12/30/19. Article cleanup, added some images. Added Table of Contents.
1/16/20. Added bit about Asynchronous USB.
2,177 word post, approx 4 min. read
Greetings comrade and Welcome aboard!!
Here are the best reasons to get a DragonFly Red over a Black!
More Power. The DragonFly Red provides 2.1V vs. only 1.2 for the Black. The Red version provides plenty for the majority of headphones you may come in contact with. You won’t have to upgrade down the road like you would if you decided to purchase the Black version.
Better Sound. The DragonFly Red’s sound is more refined, more detailed, and more organic. It has a warm tilt to it but is still incredibly detailed and musical. It’s a piece of kit that everyone will enjoy, from the average consumer to the seasoned audiophile. See what others are saying!
Before we get into the official AudioQuest Dragonfly Black vs. Red comparison, grab a snack, sit back and relax because..
You’ve come to the right place!!
What I will bring you in this review
Today I will outline the AudioQuest Dragonfly Black and compare it to the Red version towards the end. 🙂 Also contained in this article will be the various other generations that are part of the line.
For as long as I can remember, the audio coming straight out of a computer or laptop has always sucked. Lol. For whatever reason, PC manufacturers seem to always neglect this very important aspect of a computer: IT’S SOUND.
Yes, a computers primary job as far as sound isn’t to knock your socks off, but it’s still an important component to any device. Think about how often you’re listening to music or playing a game through your PC. It’s a lot! Sadly, this aspect of the experience has been neglected for a long time, and to this day continues to be.
The good news is that companies like Samsung and Apple are making an effort to improve the quality of the internal DAC (Digital to Analog Converter) in most mobile devices, but AudioQuest has taken it a step further. What is a USB DAC?
Enter the Dragonfly.
Audioquest DragonFly v1.0 = First Generation. Distinguished by a Black 3.5mm plug.
Audioquest DragonFly v1.2 = Second Generation. Distinguished by a Gray 3.5mm plug.
Audioquest DragonFly Black v1.5 = Third Generation.Gray colored 3.5mm plug.
Audioquest DragonFly Red = Third Generation.Black 3.5mm plug.
Audioquest DragonFlyCobalt = Fourth Generation. I have not gotten a chance to demo this one, but will update the article once I do!
Let’s take a look at the Red version, as it’s the one you’ll probably want to invest in first.
Type: Digital to Analog Converter + Headphone Amplifier.
Output: 3.5mm jack.
Maximum Output Voltage: 2.1V
Maximum Input Signal: 96kHz/24-bit.
Dimensions: 19mm x 12mm x 62mm
Asynchronous USB: Yes.
The Dragonfly Red allows you to bypass the poor on-board sound of your laptop or PC. It also can be used with your phone or mobile device, but you will need some sort of adapter. More on that later!
AudioQuest brilliantly created a device that bridges the gap between the audiophile and your average consumer. It just screams convenience. At about the size of a typical USB thumb drive, you can literally take it anywhere.
Plug it into a USB port on your computer, wait for roughly 20 seconds, and you’re all set. I’ve never had an easier time with driver device software. After it’s ready to go, head on over to Sound, and look for the Dragonfly. Right click and “Set as default Device.”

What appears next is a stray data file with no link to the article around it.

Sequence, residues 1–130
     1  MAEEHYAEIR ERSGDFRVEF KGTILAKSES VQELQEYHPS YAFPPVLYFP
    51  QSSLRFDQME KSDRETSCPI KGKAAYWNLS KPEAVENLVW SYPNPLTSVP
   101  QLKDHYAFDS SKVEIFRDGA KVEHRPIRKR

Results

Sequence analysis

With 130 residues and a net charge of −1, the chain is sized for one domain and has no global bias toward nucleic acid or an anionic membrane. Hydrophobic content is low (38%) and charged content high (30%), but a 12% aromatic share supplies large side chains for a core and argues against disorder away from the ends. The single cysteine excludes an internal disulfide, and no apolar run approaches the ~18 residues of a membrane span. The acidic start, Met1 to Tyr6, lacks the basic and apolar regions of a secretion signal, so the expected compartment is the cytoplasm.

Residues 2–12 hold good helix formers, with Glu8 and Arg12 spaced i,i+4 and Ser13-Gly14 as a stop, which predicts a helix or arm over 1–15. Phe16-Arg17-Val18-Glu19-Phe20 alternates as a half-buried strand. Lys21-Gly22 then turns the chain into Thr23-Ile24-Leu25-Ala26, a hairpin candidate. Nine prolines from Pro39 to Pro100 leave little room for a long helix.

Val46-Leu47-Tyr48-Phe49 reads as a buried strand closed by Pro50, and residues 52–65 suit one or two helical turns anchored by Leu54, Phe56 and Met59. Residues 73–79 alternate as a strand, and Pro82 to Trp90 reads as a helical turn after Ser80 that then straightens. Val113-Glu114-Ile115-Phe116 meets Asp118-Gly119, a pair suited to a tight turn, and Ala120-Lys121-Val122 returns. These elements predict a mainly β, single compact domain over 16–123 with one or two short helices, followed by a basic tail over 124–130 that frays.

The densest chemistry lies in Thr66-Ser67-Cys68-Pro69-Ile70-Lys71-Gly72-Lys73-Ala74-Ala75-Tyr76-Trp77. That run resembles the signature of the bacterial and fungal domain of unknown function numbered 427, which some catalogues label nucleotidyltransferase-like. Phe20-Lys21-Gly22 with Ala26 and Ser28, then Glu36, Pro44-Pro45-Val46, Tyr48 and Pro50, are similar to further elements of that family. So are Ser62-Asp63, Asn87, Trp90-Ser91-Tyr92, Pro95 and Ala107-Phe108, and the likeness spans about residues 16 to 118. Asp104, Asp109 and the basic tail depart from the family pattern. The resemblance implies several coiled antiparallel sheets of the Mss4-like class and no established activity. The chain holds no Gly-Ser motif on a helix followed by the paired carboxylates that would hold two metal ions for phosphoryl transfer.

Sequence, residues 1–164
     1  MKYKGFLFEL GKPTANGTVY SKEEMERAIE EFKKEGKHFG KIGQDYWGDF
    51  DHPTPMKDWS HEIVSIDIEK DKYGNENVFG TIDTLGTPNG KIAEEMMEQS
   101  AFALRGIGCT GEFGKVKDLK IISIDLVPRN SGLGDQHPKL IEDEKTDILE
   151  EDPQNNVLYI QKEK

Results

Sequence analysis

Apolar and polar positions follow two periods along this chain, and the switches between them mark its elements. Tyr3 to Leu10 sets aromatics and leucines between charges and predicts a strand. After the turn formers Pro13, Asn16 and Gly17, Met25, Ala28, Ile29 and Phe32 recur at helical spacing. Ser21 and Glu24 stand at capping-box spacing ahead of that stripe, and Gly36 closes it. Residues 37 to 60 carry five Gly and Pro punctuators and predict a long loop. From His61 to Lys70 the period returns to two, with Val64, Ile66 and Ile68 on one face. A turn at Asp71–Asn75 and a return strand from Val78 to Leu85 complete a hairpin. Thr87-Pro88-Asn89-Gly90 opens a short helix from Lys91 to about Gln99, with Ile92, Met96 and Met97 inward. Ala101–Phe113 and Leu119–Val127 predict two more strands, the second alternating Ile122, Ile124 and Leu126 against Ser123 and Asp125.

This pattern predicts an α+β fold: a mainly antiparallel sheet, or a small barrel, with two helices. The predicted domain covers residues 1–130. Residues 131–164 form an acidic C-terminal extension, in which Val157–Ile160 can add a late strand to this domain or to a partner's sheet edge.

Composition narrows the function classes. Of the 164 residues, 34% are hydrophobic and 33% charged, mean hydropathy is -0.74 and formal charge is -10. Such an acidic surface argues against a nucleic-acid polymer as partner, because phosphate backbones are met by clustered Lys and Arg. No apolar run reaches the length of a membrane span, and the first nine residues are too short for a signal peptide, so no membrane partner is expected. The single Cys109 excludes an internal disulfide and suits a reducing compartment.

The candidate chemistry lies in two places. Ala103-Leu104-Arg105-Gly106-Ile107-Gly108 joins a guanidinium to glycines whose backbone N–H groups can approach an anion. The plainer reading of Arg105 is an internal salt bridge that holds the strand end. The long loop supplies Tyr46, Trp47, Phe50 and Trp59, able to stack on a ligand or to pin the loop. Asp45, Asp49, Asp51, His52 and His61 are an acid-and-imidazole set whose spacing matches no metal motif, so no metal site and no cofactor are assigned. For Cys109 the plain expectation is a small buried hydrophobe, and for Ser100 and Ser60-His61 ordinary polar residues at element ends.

The fun begins when you plug in your headphones, as this baby will render you speechless. I just had to smile knowing how bad my laptops internal sound card is. Being able to bypass the headache of buying a bulkier Amp/DAC combo is truly priceless.
I can’t get over the sound of the Dragonfly. It’s crisp, alive, loud, detailed, and leaves me with a warm feeling all over. I used to have to jack the volume up on my laptop just to hear anything. Now I only have to turn it up just a few notches and it’s already plenty loud. How designer Gordon Rankin was able to get something this small to sound so big is beyond me.
Like the CEntrance DACport HD, it also utilizes Asynchronous USB, which basically reduces timing errors (Jitter) during playback. This is ensured by making sure that the DAC is pulling the data from the source (in a much more streamlined manner), rather than the source (your phone for instance) pushing it through.
Convenient. Just plug and play.
Good build and materials. Doesn’t feel cheap.
Attractive, sleek, sexy.
Portable. Take it anywhere.
My Video Comparison & Shootout
Here I did an in-depth A/B comparison of the Black & Red version, as well as a Shootout between the FiiO E10K, DragonFly Red, and HA-2! Don’t forget to like, comment and subscribe to my growing channel. Any support is much appreciated! 🙂
Click to see the DragonFly Red! Didn’t get a chance to take pictures with the black yet. It’s the same thing except less power. 🙂
DragonFly Red goes to the beach
So who benefits?
Who this DAC benefits?
Everyone. If you have a pair of headphones that don’t sound good out of your laptop, you may go with the Black version. My recommendation fro you would be to just save for the Red because you won’t have to upgrade down the road should you level up your headphones. The Red version also uses that upgraded 9016 ESS DAC Chip. Be mindful that the black version won’t do as well with higher impedance cans like the HD600/800, etc. More on that in the Similarities and Differences section. 🙂